Business is ultimately about making money and every business owner would like to make more money than they currently do and preferably for less work.
But how can an IT services business charge more for the work they do and services they offer? Read on for 10 ways to charge more…
1. Increase Prices – this is an obvious one, easy to say but perhaps less easy to do, or at least it may seem like something you can’t easily do without risk as some customers may walk if you raise prices for your IT services. However in many cases higher prices can lead to a higher perceived value which can in turn contribute to sales. Even a modest increase can have a significant impact and most or perhaps even all customers would be willing to pay, as long as the service is good.
2. Remove non-profitable low cost services from your offerings – concentrate on those which generate more profit for your time. That is unless the low cost item is a deliberate loss leader which brings in new customers that you can later convert to your high priced items. Weigh up the benefits of such low cost items carefully and ditch any that don’t make the grade.
3. Log more time – this doesn’t mean go out and do more hours of work, it means make sure you actually log every minute that you actually do work… no more free lunches! Your time is valuable and those 5 minute phone calls or any other small task soon add up. Using tools which help you log your time more efficiently will obviously increase your logged time overall so log it or lose it!
4. Add value to your service offerings – clients will be more prepared to pay more if they see more value added. Everybody likes to get more for their money. That value can even just be in the form of better guarantees for service provided. You can use an SLA to ensure you meet the service levels you are promising and measure it against past SLA data to show how it is improving and to clarify to customers exactly what service they are guaranteed to get.
5. Collect and publish good references and testimonials – when a potential client is not sure if you are worth the price you are asking, a good word from existing customers can help with convincing and closing the deal. Your customers often have a better idea of what matters to them than you do and their opinion is typically considered more valid by their peers.
6. Increase the perceived value you offer – promote new benefits to existing services, add tiers for higher levels of service, re-position your business in a way that seems like it offers higher value. For example compare books to self-study courses – the same info may be included in both but a course seems like it has higher value, even if it is still self-study like a book, and so it often costs more.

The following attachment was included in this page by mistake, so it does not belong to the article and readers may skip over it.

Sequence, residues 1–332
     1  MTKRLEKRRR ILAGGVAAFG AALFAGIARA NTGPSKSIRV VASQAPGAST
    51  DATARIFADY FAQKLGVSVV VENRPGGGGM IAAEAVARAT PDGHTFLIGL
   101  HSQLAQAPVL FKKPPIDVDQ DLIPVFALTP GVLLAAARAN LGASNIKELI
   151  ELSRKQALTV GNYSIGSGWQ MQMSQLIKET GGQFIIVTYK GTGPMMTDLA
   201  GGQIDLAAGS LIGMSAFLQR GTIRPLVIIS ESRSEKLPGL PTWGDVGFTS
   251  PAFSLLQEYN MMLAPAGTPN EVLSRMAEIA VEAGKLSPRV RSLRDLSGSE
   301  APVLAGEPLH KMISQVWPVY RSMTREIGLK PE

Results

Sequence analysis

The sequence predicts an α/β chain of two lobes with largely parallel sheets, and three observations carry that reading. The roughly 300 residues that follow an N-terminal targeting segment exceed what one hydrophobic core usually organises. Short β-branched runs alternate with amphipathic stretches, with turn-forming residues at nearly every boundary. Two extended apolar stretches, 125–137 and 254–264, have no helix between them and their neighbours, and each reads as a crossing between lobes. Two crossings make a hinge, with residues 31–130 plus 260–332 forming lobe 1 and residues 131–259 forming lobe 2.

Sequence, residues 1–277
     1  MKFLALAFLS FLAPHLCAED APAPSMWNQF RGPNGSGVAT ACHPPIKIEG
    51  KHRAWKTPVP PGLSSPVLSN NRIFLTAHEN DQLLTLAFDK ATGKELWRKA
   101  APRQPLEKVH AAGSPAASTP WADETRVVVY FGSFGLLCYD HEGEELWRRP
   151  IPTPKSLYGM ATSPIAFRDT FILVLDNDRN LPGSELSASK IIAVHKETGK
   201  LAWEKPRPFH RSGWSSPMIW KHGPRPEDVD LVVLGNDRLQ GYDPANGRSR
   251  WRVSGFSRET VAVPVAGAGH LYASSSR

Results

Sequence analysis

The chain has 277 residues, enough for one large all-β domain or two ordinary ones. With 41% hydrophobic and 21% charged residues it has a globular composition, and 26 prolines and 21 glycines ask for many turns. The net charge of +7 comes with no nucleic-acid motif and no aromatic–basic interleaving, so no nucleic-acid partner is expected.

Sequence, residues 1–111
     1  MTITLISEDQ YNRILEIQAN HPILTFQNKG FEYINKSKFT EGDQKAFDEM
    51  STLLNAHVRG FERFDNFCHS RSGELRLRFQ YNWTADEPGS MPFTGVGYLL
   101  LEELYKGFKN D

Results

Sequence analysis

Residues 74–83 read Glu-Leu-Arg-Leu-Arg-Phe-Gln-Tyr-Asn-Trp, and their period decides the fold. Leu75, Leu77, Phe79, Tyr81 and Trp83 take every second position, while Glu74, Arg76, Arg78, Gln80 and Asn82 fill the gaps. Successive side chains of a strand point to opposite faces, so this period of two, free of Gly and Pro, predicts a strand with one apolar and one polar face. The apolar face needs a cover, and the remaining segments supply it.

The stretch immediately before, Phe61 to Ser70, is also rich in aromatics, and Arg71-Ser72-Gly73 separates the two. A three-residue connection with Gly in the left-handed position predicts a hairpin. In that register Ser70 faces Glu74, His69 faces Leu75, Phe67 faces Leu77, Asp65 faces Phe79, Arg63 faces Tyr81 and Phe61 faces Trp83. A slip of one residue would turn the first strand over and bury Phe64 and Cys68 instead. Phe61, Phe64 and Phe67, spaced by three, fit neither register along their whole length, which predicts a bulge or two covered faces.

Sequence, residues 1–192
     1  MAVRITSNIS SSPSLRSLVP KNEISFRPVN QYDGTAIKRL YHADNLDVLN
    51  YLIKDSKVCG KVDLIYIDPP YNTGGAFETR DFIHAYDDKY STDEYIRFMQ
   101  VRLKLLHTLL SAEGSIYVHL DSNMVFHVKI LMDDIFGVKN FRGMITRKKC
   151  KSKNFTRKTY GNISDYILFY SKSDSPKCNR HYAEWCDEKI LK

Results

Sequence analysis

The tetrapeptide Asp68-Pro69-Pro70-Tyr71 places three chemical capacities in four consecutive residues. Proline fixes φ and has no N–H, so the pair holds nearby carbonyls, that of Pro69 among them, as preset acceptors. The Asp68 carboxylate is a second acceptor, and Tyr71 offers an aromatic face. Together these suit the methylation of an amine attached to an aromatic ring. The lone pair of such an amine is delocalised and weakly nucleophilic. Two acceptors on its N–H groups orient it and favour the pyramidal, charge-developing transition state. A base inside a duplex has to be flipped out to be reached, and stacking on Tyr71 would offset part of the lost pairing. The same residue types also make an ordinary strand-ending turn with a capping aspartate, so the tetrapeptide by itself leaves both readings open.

7. Educate your customers – make sure they know the true value of the service you are offering. You’re an expert in the field, an IT professional who will resolve their problems so their business can grow, make sure they know exactly how much they benefit from your service. Quantify precisely what you provide them with.
8. Check out what the competition charges for similar services – if everyone else charges more than you, then you can charge more also. If their customers are willing to pay them that much for IT services then they should be just as willing to pay you that much. Compete on quality, not price.
9. Build up your brand – a recognized brand is typically seen as offering more value and worth paying more for, even if unknown competitors offer something better. Spruce up your website, get a fancy new logo, make your brand highly visible on everything you produce, dominate the relevant social network channels, be seen everywhere your customers gather, online and offline. Become the recognized leader in your area and your customers will be more willing to pay a premium for that.
10. Don’t be afraid to lose customers – specifically those who are not profitable enough for you or you may even lose money on. Better to have higher paying customers which you can take better care of, than bazillions of unprofitable customers who use up all your time and end up getting a worse service from you, which ultimately hurts your reputation.
A few small tweaks to your offerings, careful re-positioning and appropriate price increases can all add up to a healthy boost in your income without annoying any of the customers you actually want to keep and enabling you to offer a better service overall – everyone wins!
Until next time,